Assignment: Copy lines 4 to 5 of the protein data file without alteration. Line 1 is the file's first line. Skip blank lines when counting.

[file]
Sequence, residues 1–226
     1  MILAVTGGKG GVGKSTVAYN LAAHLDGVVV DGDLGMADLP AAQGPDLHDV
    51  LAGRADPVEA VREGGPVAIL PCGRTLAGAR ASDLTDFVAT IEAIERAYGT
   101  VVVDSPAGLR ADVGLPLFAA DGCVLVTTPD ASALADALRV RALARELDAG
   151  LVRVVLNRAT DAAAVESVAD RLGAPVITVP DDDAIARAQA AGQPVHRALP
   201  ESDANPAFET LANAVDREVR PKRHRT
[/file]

   101  VVVDSPAGLR ADVGLPLFAA DGCVLVTTPD ASALADALRV RALARELDAG
   151  LVRVVLNRAT DAAAVESVAD RLGAPVITVP DDDAIARAQA AGQPVHRALP